Sunday, December 13, 2009

Public Enemies (2009)

Director: Michael Mann
Universal DVD

The problem with Public Enemies is the same problem I have with most biopics. We've heard of these people (in this case Dillinger, Purvis, etc..) we may have even seen movies about them before (as is the case here), and we know what's going to happen. So the only thing left is to tell the story in an interesting way. But that brings up a new predicament. How much of the story should be dramatized to make an interesting film that has a cohesive narrative? I think the easiest answer is don't make biopics. Since that won't happen, I believe it's important to come up with an unconventional way to tell what fundamentally becomes conventional stories. The best example of this is Peter Watkins' Edvard Munch (1974) which has a camera crew making a documentary about the subject and has the actors, in character, give interviews to the camera but still set at the turn of the century when this technology obviously didn't exist. This film came to mind immediately while watching Public Enemies as it is shot with a lot of hand held digital video giving it a cinema verite quality. And while this allows Mann to get some very interesting compositions in real world settings, it can also make the movie claustrophobic and almost small in it's vision. This could also be construed as a way to create intimacy with the characters, but after spending nearly 2and 1/2 hours with them, I didn't feel like I learned very much about them. In fact I got more information in the 10 minute bonus feature, particularly on Melvin Purvis. This isn't to say I disliked the film, it just didn't resonate at all once it was over. The story was very similar to that of Mann's Heat which is a far better film.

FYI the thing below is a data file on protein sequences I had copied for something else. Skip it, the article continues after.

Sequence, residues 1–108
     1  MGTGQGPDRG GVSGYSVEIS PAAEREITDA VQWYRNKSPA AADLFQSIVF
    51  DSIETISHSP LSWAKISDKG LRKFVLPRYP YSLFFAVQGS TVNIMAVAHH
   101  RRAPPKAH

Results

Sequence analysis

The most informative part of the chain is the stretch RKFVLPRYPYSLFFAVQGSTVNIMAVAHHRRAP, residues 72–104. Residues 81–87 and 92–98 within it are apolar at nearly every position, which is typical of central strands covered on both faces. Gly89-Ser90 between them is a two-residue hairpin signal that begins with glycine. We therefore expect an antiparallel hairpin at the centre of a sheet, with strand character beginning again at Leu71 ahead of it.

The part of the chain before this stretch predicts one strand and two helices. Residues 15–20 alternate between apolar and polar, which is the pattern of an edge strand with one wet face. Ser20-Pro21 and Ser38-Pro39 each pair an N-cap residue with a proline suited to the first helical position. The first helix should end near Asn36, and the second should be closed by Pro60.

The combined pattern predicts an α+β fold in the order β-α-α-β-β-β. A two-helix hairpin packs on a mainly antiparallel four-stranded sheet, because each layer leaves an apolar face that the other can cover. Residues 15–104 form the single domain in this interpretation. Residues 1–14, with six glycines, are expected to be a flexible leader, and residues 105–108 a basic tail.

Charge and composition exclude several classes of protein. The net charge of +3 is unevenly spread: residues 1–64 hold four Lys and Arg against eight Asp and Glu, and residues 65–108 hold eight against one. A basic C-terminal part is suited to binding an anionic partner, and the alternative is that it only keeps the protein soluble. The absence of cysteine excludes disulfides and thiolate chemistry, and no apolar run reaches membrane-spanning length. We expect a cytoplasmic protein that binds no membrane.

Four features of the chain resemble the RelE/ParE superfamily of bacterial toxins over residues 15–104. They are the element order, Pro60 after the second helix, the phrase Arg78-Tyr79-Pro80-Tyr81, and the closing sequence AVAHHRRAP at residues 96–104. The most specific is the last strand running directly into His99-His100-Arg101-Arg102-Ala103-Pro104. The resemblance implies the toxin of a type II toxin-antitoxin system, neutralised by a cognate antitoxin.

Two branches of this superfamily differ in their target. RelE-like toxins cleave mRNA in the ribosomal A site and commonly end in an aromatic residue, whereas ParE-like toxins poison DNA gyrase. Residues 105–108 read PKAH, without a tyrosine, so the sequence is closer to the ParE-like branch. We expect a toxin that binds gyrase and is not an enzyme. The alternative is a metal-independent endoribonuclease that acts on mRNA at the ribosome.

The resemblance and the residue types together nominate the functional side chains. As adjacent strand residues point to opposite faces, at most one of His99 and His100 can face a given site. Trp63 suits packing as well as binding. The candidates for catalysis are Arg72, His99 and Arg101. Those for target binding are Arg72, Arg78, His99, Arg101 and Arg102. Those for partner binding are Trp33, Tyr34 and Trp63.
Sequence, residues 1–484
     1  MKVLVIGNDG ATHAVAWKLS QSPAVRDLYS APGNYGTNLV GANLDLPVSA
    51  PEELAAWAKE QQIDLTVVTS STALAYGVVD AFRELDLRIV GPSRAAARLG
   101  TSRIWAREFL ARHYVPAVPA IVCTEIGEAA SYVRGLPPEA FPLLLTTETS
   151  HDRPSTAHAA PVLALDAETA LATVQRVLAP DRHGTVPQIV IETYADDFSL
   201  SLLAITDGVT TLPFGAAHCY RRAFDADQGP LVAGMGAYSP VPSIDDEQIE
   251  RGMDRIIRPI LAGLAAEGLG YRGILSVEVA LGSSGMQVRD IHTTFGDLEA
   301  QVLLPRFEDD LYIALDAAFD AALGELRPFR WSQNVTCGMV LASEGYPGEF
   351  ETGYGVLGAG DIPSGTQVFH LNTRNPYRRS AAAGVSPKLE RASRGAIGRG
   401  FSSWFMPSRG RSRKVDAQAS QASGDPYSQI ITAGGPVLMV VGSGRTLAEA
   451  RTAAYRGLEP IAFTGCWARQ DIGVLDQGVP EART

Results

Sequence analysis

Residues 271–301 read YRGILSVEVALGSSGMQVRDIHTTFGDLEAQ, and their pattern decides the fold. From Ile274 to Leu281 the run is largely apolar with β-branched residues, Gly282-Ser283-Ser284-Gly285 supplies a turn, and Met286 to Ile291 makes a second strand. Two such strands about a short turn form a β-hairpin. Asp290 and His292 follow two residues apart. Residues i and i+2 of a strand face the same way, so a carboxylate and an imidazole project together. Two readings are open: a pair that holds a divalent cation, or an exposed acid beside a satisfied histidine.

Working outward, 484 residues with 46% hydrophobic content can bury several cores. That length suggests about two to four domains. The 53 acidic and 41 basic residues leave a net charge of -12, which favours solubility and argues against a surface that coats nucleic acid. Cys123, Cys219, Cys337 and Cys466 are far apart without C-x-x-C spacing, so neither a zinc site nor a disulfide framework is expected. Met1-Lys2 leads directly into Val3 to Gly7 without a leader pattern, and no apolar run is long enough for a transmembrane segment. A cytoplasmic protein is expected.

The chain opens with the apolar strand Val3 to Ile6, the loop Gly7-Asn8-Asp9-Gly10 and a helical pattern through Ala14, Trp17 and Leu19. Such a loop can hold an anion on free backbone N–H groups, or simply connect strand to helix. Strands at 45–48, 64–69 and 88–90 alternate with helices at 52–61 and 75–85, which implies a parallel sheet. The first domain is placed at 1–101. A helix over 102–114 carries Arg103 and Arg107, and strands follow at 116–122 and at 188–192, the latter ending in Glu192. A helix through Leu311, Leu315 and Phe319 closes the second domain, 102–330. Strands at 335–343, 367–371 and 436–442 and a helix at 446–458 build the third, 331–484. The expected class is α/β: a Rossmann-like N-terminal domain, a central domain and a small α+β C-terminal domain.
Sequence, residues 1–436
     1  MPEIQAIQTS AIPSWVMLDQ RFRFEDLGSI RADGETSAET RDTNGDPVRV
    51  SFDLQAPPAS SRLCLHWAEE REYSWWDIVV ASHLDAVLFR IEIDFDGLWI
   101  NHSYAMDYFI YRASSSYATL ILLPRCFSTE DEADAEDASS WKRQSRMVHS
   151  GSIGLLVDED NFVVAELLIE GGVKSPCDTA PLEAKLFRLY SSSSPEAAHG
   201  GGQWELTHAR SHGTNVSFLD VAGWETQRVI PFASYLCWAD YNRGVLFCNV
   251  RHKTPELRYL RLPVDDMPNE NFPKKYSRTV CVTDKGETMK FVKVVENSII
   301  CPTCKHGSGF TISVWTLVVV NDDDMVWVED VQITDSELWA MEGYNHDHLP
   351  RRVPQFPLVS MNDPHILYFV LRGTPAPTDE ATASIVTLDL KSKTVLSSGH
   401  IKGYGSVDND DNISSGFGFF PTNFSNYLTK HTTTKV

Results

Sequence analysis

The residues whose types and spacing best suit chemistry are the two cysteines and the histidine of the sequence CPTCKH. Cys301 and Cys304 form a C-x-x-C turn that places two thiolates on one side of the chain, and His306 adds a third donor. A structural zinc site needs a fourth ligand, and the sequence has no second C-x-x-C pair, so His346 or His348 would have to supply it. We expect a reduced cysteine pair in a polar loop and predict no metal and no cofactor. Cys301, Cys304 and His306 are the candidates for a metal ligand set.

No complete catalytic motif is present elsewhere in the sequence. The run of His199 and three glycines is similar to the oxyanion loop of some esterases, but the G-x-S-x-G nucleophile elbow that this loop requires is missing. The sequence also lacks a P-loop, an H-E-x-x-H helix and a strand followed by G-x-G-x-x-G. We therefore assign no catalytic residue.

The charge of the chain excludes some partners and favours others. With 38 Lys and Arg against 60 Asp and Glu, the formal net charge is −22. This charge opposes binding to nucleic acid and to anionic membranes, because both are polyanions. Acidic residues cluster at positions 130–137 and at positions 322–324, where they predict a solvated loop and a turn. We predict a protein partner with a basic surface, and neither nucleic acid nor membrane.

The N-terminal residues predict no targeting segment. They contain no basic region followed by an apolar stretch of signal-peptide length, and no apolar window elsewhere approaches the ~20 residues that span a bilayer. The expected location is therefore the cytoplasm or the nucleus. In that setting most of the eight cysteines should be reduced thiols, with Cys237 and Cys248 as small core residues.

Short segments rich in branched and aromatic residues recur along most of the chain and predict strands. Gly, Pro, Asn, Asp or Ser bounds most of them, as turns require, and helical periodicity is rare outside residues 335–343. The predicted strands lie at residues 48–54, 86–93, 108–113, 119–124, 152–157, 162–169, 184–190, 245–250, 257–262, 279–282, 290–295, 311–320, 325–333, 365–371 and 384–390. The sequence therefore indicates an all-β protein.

The DVD looks as good as to be expected from a new release and the DV used to make the film looks particularly cool during shoot-outs. The video production also allows for a lot of natural, low light giving us a sense that we are there. The only other extra, besides the 10 minute doc, on the single disc edition is a commentary by Mann.



  1. Yeah, I could live happily without ever seeing another biopic. Unless it's about Ian Curtis, natch.

  2. I still haven't revisited this on disc. Any comments on the sound in the first reel? There was some controversy about it upon theatrical release, with some rumors floating around indicating that Mann deliberately screwed with the sound and others citing rushed production.

    It's a real shame the interminable middle wasn't as electrifying as the prison break or the ending.

  3. Public Enemies is crime drama movie.John Dillenger is a bank robber,but after sometime he became a folk hero in public.It also involves the snapy techniques...Really Awesome movie. I watch public enemies movie from this website...